Posted Oct. 29th, 2012 by Robert Arnason Western Producer
Health Canada and the Canadian Food Inspection Agency have approved dicamba tolerant soybeans, Monsanto announced today.
The regulatory approval means Monsanto may soon offer a soybean with tolerance for glyphosate and dicamba.
Round Up isn’t working, so more herbicides and pesticides will be needed, as predicted years ago. Just what we need, more chemicals on our food….
Posted in GE Soy
Tagged GE soy
Glyphosate, the non-selective herbicide that is the active ingredient in Monsanto’s Roundup formula, is up for a routine safety review in the United States and Canada. The herbicide has been used in eliminating weeds in soybeans, corn, cotton, as well as for lawn and garden maintenance since the early 1970s. “More than 2 billion lbs of herbicide were used globally in 2007, with one quarter of that total – 531 million lbs – used in the United States in that timeframe, according to a report issued in February by the EPA,” recently reported Reuters. Since at least 1996, the thirst for glyphosate was fueled in large measure by the development of glyphosate tolerant crops (e.g., Monsanto’s Roundup Ready lines), which are able to withstand continued application of this herbicide. Continue reading
September 7, 2010
FOR IMMEDIATE RELEASE
Contact: Mark Kastel, 608-625-2042
Not Crying over Spilt Soymilk
Organic Farmers Celebrating Victory over Corporate Agribusiness
CORNUCOPIA, WI – It’s not often that family-scale farmers can go toe-to-toe with a $12 billion agribusiness and come out victors. But organic soybean producers, and a modestly scaled but powerful ally, The Cornucopia Institute, are claiming victory over Dean Foods in the organic marketplace.
[Full news release at http://www.cornucopia.org/2010/09/not-crying-over-spilt-soymilk/]
Dean Foods, the manufacturer of Silk, the top-selling soymilk drink, was first “outed” in Cornucopia’s May 2009 report, Behind the Bean: The Heroes and Charlatans of the Natural and Organic Soy Foods Industry, for switching its soybean sourcing from American farms to cheaper organic beans from China. Later in 2009, Cornucopia revealed that Dean Foods had then largely abandoned organic soybeans altogether, stealthily changing the soybeans in their core Silk product line from organic to less expensive conventionally grown soybeans that the company was calling “natural.”
The shift away from organic outraged many loyal consumers and alienated retailers across the country that were not informed of the change and continued to inaccurately merchandise Silk products as “organic.”
Now leading natural/organic foods retailer Whole Foods Market has decided to shift its soy milk offerings back towards organic. Saying that its relationship with Dean Foods had “chilled,” Whole Foods indicated it was bringing in a new branded organic soy milk partner, Earth Balance. The national retailer also told the Denver Post, in an August 27 story, that it wanted Earth Balance’s soy milk products to contain only domestically grown soybeans carrying the organic label.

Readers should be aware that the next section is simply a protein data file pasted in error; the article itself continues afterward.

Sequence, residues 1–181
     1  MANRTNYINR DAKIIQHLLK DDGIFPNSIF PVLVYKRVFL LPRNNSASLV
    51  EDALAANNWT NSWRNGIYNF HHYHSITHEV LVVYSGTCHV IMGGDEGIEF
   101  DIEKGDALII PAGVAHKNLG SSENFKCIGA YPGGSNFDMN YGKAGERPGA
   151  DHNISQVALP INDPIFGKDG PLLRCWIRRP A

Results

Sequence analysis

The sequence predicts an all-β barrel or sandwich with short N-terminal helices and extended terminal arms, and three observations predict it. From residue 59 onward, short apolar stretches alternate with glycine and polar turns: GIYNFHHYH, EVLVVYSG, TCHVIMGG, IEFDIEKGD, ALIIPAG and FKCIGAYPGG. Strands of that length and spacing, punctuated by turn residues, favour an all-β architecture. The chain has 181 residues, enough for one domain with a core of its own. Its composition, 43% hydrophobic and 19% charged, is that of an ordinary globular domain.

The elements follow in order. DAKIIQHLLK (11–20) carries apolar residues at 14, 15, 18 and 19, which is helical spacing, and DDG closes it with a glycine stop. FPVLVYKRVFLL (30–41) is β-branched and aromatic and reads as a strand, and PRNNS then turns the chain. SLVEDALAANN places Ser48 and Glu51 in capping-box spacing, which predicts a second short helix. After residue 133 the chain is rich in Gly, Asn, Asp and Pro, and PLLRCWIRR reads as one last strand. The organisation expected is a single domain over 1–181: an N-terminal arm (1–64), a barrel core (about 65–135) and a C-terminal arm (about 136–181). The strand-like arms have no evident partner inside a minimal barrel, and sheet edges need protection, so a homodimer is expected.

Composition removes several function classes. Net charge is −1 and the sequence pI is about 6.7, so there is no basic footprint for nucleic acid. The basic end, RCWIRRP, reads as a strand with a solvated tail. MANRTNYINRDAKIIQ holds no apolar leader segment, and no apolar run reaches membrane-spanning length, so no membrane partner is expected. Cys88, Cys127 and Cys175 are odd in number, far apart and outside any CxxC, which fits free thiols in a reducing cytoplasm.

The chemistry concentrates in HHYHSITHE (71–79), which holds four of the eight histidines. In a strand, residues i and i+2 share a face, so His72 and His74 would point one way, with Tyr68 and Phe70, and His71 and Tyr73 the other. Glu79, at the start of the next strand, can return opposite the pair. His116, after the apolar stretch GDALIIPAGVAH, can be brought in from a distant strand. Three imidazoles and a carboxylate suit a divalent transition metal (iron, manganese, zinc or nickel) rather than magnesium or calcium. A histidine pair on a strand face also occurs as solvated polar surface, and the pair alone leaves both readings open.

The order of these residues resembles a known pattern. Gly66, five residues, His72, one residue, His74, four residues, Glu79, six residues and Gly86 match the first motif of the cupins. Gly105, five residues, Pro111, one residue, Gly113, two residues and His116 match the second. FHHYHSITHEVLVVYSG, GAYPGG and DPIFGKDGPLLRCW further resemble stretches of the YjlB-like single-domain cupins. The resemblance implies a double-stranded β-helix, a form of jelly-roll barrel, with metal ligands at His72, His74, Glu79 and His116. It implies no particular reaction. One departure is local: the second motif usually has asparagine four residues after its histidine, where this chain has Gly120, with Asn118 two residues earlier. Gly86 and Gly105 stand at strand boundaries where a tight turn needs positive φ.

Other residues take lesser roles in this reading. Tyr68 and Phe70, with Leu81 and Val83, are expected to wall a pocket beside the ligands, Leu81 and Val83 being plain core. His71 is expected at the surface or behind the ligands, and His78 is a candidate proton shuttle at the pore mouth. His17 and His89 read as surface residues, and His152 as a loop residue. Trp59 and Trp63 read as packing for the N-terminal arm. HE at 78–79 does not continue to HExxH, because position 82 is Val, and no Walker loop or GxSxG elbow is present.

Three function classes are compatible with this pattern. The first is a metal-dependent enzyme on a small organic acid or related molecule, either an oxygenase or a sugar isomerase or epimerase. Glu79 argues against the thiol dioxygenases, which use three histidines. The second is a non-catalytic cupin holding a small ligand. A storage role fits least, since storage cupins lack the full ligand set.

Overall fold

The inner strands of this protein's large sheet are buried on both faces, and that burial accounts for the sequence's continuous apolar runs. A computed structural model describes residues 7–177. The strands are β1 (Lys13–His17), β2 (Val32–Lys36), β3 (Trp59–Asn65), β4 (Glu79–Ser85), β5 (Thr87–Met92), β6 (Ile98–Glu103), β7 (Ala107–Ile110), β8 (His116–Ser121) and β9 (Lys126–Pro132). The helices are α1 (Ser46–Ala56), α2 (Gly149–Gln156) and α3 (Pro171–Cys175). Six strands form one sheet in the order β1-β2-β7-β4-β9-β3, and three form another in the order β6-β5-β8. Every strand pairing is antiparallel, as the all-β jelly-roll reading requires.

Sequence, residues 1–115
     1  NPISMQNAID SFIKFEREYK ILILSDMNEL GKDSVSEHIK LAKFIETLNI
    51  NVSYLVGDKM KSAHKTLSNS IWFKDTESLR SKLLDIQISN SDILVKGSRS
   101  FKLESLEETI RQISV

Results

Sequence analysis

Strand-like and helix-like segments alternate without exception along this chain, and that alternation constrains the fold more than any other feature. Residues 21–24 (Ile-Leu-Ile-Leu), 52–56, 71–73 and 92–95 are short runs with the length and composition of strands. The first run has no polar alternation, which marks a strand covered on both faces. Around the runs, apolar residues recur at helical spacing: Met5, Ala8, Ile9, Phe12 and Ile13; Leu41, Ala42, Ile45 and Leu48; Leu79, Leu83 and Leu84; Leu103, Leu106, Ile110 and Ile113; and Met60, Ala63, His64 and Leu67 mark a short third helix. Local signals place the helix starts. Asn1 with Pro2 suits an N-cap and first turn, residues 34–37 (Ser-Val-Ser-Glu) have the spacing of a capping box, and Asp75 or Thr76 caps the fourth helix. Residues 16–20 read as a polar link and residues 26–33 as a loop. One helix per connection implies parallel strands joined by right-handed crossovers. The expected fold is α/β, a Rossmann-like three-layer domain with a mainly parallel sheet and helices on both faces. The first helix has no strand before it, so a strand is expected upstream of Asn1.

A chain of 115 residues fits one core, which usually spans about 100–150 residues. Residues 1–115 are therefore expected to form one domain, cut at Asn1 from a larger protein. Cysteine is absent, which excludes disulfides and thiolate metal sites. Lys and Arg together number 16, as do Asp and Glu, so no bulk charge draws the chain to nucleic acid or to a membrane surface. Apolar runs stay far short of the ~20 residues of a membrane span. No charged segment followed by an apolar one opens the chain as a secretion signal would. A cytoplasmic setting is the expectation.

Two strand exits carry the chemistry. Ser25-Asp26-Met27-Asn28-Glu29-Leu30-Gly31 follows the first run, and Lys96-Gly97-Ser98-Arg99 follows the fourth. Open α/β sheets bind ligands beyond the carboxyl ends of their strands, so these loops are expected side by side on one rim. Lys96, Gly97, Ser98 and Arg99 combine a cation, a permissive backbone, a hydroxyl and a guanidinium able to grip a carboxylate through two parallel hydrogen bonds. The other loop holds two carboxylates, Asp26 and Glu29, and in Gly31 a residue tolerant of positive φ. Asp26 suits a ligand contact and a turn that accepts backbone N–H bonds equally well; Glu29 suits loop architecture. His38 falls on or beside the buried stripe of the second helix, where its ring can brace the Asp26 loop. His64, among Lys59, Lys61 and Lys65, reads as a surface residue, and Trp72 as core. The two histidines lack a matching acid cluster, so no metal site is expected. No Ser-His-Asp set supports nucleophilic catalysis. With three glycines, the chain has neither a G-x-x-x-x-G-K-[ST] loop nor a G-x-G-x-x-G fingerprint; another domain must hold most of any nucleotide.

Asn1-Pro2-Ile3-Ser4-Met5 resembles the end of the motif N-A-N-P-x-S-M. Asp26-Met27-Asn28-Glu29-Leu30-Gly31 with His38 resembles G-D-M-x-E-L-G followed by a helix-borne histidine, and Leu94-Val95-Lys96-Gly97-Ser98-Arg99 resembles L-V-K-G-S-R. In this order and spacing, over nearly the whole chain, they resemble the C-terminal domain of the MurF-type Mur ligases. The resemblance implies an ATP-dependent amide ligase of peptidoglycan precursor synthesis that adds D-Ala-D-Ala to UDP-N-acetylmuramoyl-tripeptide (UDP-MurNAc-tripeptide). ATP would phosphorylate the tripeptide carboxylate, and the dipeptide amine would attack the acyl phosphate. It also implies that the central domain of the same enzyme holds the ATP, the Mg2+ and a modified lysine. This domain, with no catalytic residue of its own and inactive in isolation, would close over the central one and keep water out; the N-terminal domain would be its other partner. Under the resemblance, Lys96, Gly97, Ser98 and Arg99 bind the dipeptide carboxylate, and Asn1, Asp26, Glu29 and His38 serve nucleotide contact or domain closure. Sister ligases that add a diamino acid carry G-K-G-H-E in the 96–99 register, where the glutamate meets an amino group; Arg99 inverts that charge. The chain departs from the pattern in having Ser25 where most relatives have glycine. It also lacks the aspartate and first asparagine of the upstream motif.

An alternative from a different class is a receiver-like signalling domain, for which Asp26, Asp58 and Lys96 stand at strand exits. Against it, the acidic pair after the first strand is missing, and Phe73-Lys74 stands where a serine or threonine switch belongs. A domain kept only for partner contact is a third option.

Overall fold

By the Organic Consumers Association
A recent study by eminent oncologists Dr. Lennart Hardell and Dr. Mikael
Eriksson of Sweden , has revealed clear links between one of the
world’s biggest selling herbicide, glyphosate, to non-Hodgkin’s lymphoma, a form
of cancer .
In the study published in the 15 March 1999 Journal of American Cancer
Society, the researchers also maintain that exposure to glyphosate
‘yielded increased risks for NHL.’ They stress that with the rapidly increasing use
of glyphosate since the time the study was carried out, ‘glyphosate
deserves further epidemiologic studies.’
Glyphosate, commonly known as Roundup, is the world’s most widely used
herbicide. It is estimated that for 1998, over a 112,000 tonnes of
glyphosate was used world-wide. It indiscriminately kills off a wide
variety of weeds after application and is primarily used to control annual
and perennial plants.
Posted in American Politics & Food, Biotech Companies, Canadian Politics & Food, Food Security, GE Soy, Herbicides, Monsanto, Pesticides, World GE Politics
Tagged EPA, Glyphosate, GM soy, GMO, Lymphoma, Monsanto, Pesticides Action Network, Roundup Ready, Soybeans
7/2/2010 8:10 AM By John O’Brien -Statehouse Bureau
CHARLESTON — West Virginia Attorney General Darrell McGraw is worried farmers are spending more for soybeans that are producing identical returns as less expensive ones.
McGraw wrote Monsanto Co. vice president David Snively last week to express his concern with promotions geared to encourage farmers to switch from soybeans with the Roundup Ready trait to those with the Roundup Ready 2 trait.
He says, according to the U.S. Department of Agriculture, 2009’s soybean output of 41 bushels per acre is the same as the previous year.
“Although we are aware that Monsanto’s initial commercial Roundup Ready 2 Yield sales for 2009 were not a full scale rollout, we would have expected to see some increased yield for West Virginia as a result of your company’s representation to farmers,” McGraw wrote.
“I am aware that other factors contribute to yields varying from year to year, such as weather or soil conditions, but virtually all of the studies conducted by major universities and independent testing companies corroborate West Virginia’s experience.”
Monsanto advertised increased yields of 7 percent-11 percent. McGraw said he welcomes a meeting with the company before litigation.
Posted in American Politics & Food, Animal Health and GMO, BioFuels, Biotech Companies, Canadian Politics & Food, CBAN, Food Security, GE Corn, GE Flax, GE Soy, Herbicides, Monsanto, Pesticides, Take Action!, World GE Politics
Tagged April Reeves, Ban GM crops, Bayer CropScience, Biotech Companies, Center For Food Safety, Dow AgroSciences, Food Security, GM Alfalfa, GMO, Monsanto, Roger's Sugar, Roundup Ready, Small Farmer, Take Action!, USDA